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television -> South Park Season 18, Episode 9 recap & review

South Park Season 18, Episode 9 recap & review

“#REHASH”

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“South Park” isn’t one of those series that contains a penultimate episode each season akin to “Game of Thrones” or “Breaking Bad, but yet we got one of sorts from the ninth episode of “South Park’s” eighteenth season.  Everything the characters of the tiny, mountain town have experienced this season had some sort of tie-in or led up to the episode “#REHASH.”  While this episode’s plot did get a bit messy toward the end tying in all the references, the social commentary got spot-on with its assessment of PewDiePie (despite his voice cameo) and LP (Let’s Play) gaming’s effect beyond video games when Cartman applies the format to everyday living activities such as waiting at the bus stop.  It feels weird to review an episode like this where the subject matter directly involves commenting and commentary, but here it goes. Comment below, if you feel inspired enough today.

The episode opens on the Broflovski home as Kyle wanders inside with a copy of the newest “Call of Duty” game, eager to play and bro down with his little brother, Ike, on a day off from school with their parents gone.  Unfortunately, Ike isn’t quite receptive to Kyle’s offer of gaming all day with parental supervision. Instead, Ike’s only reply to everything Kyle says is, “Meh”—the apparent motto of the youngest generation. 

MJ hologram

In Denver, Lorde, better known as Randy Marsh, or The Amazing-ly Randy, feels apprehensive about performing live at the “Night of Pure Estrogen: Women of Rock,” a benefit for the gluten crisis in West Africa featuring Miley Cyrus, Nicki Minaj, and Iggy Azalea.  “Anything but c**k magic,” Sharon says. Obviously we know that Randy doesn’t sound the same live after getting mixed into a completely different voice with different lyrics.  The promoter reminds him that beggars can’t be choosers after Stan lost all that freemium gaming money to Canada.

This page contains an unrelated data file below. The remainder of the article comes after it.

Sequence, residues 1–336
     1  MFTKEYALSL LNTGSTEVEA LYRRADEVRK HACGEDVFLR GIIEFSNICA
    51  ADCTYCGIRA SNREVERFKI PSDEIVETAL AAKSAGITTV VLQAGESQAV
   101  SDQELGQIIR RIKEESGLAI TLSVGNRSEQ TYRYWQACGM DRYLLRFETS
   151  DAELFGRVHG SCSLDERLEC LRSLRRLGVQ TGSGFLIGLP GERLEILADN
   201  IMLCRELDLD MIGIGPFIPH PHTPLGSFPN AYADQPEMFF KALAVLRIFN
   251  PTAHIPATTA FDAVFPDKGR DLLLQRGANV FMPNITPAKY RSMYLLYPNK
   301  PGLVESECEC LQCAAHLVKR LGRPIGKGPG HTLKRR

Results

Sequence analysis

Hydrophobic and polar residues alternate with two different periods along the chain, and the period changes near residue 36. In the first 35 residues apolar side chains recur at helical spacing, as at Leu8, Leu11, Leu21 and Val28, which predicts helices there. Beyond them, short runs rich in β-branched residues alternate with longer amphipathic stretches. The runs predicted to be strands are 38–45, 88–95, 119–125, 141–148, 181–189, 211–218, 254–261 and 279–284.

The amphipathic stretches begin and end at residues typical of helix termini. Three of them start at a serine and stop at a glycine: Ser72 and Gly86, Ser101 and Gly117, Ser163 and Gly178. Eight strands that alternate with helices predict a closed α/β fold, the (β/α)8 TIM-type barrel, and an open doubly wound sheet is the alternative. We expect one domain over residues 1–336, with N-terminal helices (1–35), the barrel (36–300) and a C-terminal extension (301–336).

Kyle, upset with Ike’s gaming disillusionment, seeks the comfort of his friends’ opinion on the subject. Unfortunately, this conversation gets distorted, cut, and edited for a webisode of “Cartmanbra” or “CartmanBrah” and the fat fourth-grader puts Kyle down per usual and has a funny nod to Kenny.  He picks on his friends and makes a mild following on YouTube.

After Shelly Marsh melts her father’s heart, Lorde agrees to go on for the benefit show.  Backstage, Randy gets into a kerfuffle with Iggy Azalea, who later goes on stage with a Michael Jackson hologram that later escapes. Meanwhile in South Park, Stan and Kyle visit Ike and his friends to plea that merely watching other people play games and commenting on them is a waste of life.

#REHASH

After a hilarious Wendy Williams Show appearance by Cartmanbra, Lorde goes on stage in Denver and tanks. In order to save the act, Randy performs particularly lewd acts on stage in a parody of sexualized pop music acts of today.  Needless to say, Randy’s following awkward dinner with Sharon and Stan doesn’t go swimmingly.

 A hologram of Tupac is developed to presumably hunt down the rogue MJ hologram.  Simultaneously, Randy faces his promoter/ agent and decides to quit his act as Lorde.  A Lorde hologram steps out and Randy is told that he’s only in the way now.  The episode then spirals into a confusing blend as Cartman goes to Principal Victoria’s office for commenting about his class, Randy finds out that Sharon cheated on him with Tupac’s hologram, and then Randy’s promoter puts Cartman in charge of an army of holograms to crash the entertainment industry.

Gluten, Lorde, freemium gaming, c**k magic, and even the King of Pop—it certainly seems as if Trey Parker’s tightening up his show by weaving everything together.  It gets a bit messy at the end, but stick with it.  The commentary about commentary is unmistakably accurate to the point where it’s difficult to understand why PewDiePie agreed to lend his voice to this week’s “South Park.”


Keywords: South Park review, South Park, #REHASH, rehash, LP, PewDiePie, Lorde, Iggy Azalea
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